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Mauka, one of the least known food crops in the world, is a traditional staple of the Maukallajta Indians. The starch-filled tubers are produced in sites where most potatoes and other root crops cannot survive. (S.D. Franco P.)


Both the swollen stems and the roots are high in carbohydrates (87 percent on a dry-weight basis) with 7 percent protein (an appreciable amount for a root crop) and little fiber. Based on an evaluation of three separate ecotypes, mauka is richer than the other Andean tubers in calcium, phosphorus, and potassium.

The leaves contain about 17 percent protein. The level of digestibility is said to be higher than that of the other forages that can be grown in the upland Andes.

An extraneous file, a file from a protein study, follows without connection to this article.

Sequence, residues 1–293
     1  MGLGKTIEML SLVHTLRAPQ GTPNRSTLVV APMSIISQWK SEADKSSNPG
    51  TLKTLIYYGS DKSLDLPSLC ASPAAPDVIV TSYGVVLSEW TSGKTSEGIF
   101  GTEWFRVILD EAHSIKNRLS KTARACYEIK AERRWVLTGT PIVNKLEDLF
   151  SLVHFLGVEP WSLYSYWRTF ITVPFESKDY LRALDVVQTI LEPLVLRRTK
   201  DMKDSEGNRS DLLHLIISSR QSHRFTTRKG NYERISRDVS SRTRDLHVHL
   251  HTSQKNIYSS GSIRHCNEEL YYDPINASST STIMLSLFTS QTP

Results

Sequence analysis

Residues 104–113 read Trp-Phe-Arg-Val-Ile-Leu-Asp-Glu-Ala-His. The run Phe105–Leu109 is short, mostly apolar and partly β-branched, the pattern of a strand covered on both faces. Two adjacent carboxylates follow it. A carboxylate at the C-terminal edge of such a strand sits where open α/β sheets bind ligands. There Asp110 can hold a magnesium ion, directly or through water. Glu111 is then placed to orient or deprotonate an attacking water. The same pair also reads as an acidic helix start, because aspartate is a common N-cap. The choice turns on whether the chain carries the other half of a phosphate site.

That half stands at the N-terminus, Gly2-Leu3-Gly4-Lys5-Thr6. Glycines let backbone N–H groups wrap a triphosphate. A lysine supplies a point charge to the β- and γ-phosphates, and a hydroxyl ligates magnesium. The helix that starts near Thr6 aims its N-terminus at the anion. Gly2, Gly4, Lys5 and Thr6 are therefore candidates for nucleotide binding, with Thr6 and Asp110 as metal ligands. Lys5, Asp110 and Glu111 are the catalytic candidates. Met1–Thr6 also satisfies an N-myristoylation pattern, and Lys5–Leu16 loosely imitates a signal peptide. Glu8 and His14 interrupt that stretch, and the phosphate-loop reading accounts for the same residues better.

Mauka is generally cultivated as an annual, although it has the enlarged stems and roots of a perennial. It is propagated by portions of stem or root, as well as by offsets (which develop during the second growing season). Seed is also sometimes used, and could be useful in breeding programs, in freeing the plant from any viruses that may be present, and in facilitating the introduction of mauka to new areas. The seed remains viable for several years.

As the plant matures, the below-ground portion of the stem and the upper roots thicken into crowded clusters at and just beneath the soil surface. At harvest, the clumps are pulled up and the edible portions

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